Cumberbatch is terrific yet again in this conventional prestige piece about a beautifully unconventional man.
The Imitation Game
English mathematician Alan Turing’s life was about as extraordinary and fascinating as they get in modern times. In fact, modernity owes a lot to Turing, who in the 1930s began dreaming up something called a “universal machine”. A “digital computer”. In addition to getting the ball rolling on creating the devices that permeate every goddamn minute of our daily lives, he was also a brilliant cryptanalyst and helped the Allied forces defeat Germany by cracking the Nazi’s Enigma code, which they used to transmit encrypted messages within their ranks. He was the definition of a hero, though his pivotal role in ending the war was kept a secret for many years. He was convicted of being homosexual in 1952 by the British government and put on hormonal treatment to temper his libido. He killed himself two years later.
Like I said: extraordinary and fascinating. Turing’s life was one of deep complexity, but with The Imitation Game, director Morten Tyldum and screenwriter Graham Moore prune and polish his story down into an accessible, digestible prestige piece. They take a wholly unconventional life and present it conventionally, and while the film takes very few risks and won’t blow your mind like, say, Turing’s papers on artificial intelligence, it just…works. The film really, really works. And after all, the ultimate goal here is to up Turing’s visibility in the social consciousness so that we don’t forget his invaluable contributions and, more importantly, the injustice that tragically shortened his life (he was 41 years old when he died). What better way to spread the word than with a movie that’s approachable, suspenseful, and well-acted?
Benedict Cumberbatch is given the honor of portraying Turing on screen, playing him with emotional complexity, nuance, and sensitivity. He’s terrific, and without his presence the film would likely deflated. We see flashbacks of Turing’s early years when at boarding school where he fell for a boy named Christopher, who introduced him to the art of cryptography, as well as glimpses of his final years, pre-conviction, as he sits in an interrogation room with a detective who suspects high treason rather than homosexuality. But the film largely concentrates on Turing and his Enigma team at Bletchley Park, the British military’s code-cracking hub, as they desperately rack their brains to crack Enigma under threats of shutdown by the dastardly Commander Denniston (Charles Dance).
Cumberbatch’s Turing is a vaguely autistic outsider who’s at once intellectually superior and socially inept. His team at first finds him insufferable; his mind works on too high a level to recognize even the tiniest social cues. The jokes derived from Alan’s inability to register sarcasm recall Drax from Guardians of the Galaxy, but with more pathos lying underneath the laughs. When one of his team members, John Cairncross (Allen Leech) tells Alan they’re all going out for lunch, he doesn’t hear an invitation, but a statement of fact. He comes off as a smug, arrogant jerk, when in truth he simply can’t compute (pardon the pun). In addition to Cairncross, the group also includes playboy chess champ Hugh Alexander (Matthew Goode), sole woman member Joan Clarke (Keira Knightley), and young Peter Hilton (Matthew Beard).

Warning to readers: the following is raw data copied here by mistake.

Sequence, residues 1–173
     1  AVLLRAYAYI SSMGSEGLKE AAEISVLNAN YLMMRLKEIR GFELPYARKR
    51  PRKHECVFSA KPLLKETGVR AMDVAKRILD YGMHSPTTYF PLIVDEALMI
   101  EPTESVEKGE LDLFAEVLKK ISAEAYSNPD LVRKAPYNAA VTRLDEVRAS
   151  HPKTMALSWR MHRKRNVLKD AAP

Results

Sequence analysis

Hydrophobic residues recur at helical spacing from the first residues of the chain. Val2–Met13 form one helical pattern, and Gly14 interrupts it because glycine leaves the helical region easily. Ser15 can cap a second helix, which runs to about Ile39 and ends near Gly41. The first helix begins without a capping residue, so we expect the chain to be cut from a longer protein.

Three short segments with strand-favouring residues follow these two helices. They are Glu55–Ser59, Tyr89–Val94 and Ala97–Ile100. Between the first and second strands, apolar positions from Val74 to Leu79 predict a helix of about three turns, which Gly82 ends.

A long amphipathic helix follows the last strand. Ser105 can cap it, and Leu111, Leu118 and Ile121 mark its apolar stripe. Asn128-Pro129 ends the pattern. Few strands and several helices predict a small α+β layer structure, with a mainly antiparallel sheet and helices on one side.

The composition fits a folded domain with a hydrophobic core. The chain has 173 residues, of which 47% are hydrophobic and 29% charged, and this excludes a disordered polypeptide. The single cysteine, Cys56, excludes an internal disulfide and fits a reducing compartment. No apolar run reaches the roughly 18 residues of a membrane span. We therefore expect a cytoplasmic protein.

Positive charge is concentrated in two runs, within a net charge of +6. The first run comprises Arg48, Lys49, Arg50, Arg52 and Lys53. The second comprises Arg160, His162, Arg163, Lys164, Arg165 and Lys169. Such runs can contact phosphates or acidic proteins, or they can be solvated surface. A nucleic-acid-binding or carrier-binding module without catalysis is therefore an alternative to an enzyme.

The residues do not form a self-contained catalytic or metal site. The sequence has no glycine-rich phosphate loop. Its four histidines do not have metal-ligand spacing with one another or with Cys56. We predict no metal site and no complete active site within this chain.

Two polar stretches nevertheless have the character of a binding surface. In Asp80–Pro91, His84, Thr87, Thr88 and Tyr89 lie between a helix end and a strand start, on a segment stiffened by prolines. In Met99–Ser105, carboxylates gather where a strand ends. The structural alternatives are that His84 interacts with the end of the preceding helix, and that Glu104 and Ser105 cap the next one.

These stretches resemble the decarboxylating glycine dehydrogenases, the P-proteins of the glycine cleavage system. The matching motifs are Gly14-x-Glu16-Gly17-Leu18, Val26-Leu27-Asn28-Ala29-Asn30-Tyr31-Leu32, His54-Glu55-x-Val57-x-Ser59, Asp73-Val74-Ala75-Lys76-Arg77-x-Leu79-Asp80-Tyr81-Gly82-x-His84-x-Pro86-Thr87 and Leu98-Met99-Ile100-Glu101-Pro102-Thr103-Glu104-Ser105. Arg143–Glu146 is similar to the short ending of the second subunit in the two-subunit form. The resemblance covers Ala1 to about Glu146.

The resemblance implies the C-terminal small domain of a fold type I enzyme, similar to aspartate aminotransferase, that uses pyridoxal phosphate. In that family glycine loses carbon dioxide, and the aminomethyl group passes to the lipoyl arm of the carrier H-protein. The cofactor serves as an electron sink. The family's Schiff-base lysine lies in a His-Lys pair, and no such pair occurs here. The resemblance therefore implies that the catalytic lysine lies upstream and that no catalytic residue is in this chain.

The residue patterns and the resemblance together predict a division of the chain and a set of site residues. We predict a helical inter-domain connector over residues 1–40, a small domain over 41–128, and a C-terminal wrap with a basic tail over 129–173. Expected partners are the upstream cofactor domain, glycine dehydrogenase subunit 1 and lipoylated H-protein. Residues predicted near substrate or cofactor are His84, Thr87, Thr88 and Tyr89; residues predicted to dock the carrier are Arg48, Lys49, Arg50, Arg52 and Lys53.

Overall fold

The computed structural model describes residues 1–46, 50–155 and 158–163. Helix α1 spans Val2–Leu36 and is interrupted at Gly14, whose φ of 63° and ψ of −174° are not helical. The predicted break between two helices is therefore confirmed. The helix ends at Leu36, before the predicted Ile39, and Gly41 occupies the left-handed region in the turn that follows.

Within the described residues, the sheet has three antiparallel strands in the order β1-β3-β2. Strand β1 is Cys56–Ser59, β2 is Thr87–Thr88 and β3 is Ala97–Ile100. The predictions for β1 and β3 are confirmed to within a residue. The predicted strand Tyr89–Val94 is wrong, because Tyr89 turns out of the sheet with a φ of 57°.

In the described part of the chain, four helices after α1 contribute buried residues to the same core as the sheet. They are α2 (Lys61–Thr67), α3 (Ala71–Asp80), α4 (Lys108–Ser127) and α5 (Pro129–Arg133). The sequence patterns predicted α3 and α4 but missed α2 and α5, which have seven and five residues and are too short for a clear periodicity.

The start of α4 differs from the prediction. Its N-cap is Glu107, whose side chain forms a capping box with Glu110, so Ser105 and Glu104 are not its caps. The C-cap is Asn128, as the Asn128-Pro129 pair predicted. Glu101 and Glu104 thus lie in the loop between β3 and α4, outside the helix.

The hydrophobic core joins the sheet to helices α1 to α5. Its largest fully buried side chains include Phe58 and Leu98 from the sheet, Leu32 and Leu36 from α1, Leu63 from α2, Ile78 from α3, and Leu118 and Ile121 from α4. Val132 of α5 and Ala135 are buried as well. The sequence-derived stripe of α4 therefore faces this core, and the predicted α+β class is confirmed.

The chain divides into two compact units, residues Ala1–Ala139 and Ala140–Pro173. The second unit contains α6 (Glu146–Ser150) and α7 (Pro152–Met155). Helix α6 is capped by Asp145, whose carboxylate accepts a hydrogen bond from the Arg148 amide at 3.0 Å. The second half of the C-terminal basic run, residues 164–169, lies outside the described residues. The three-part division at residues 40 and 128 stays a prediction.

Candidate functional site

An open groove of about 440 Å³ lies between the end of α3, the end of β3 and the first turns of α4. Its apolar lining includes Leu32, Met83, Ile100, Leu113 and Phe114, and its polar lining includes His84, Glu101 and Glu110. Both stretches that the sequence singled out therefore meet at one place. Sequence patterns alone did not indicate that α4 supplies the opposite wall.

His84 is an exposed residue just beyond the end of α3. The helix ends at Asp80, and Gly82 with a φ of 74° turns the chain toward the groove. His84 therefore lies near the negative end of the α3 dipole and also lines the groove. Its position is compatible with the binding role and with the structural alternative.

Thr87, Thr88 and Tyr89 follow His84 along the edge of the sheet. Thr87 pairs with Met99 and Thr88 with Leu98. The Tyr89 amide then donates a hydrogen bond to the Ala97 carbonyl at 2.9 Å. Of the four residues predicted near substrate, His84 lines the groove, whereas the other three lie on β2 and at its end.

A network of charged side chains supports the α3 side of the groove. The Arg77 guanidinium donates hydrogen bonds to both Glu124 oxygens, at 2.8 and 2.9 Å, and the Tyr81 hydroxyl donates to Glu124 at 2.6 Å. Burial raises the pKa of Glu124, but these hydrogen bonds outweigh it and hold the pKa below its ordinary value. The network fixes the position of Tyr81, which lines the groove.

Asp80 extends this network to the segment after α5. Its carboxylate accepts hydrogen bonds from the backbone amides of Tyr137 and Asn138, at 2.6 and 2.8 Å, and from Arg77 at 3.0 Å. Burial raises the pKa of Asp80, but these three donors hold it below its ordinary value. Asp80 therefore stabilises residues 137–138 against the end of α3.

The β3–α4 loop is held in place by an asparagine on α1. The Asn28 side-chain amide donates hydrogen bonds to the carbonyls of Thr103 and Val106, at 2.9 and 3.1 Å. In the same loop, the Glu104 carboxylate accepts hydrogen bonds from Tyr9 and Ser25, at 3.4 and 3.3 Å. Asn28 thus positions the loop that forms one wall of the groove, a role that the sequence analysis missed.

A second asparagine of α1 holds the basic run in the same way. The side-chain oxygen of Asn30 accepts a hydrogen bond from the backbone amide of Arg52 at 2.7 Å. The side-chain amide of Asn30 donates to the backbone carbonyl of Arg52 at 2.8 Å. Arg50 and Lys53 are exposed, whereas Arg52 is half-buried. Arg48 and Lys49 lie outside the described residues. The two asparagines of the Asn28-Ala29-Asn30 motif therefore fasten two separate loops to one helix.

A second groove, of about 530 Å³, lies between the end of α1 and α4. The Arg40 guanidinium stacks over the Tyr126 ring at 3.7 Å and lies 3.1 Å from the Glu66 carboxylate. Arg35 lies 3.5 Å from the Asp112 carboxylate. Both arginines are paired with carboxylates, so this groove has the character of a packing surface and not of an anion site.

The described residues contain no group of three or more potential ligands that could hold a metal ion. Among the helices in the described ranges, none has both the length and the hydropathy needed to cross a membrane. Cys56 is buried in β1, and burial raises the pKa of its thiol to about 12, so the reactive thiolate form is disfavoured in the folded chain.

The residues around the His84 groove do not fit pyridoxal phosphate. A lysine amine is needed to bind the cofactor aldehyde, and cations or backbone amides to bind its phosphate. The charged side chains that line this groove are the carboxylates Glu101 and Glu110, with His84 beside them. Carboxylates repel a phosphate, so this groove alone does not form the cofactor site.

What eventually endears Alan to the rest of the crew are his unimpeachable contributions to the fight against Enigma. He builds an expensive proto-computer (named Christopher, curiously) with government money, prompting Denniston to literally pull the plug and promise to kick Alan off of the project for good. Hugh and the rest of the lads come to Alan’s defense (at the last minute, dramatically) and barely save Alan’s hide. With a bashful smile, he realizes he’s made some true friends. The film is most engrossing when it focuses on the team’s race against the clock as they scurry around Bletchley, giddy about one of Alan’s breakthroughs. These moments are truly thrilling and ignite the film just as it begins to meander.
What’s missing from the story, however, is a true sense of what’s at stake: millions of Allied soldiers’ lives. The intrepid men with guns on the ground feel so distant that you almost don’t notice how absurd it is for the Enigma team to “go get some lunch” as young men and women die every minute. The film was made for under $20 million, so it’s understandable that we don’t get a full portrait of the war (the film occasionally glances at military vehicles in action from afar), but it feels like more could have been done to emphasize the urgency of the mission.
What the film is really about is the beauty of unorthodox thinking, something the British government took painfully for granted in their appalling mistreatment of Turing following his “crimes” of homosexuality (he got pardoned by the Queen just last year). There’s a mantra in the film that’s repeated three times: “Sometimes it’s the people who no one imagines anything of who do the things no one can imagine.” It’s clumsily written and doesn’t exactly roll off the tongue (thank goodness for Cumberbatch’s always-impeccable delivery), but the sentiment carries value.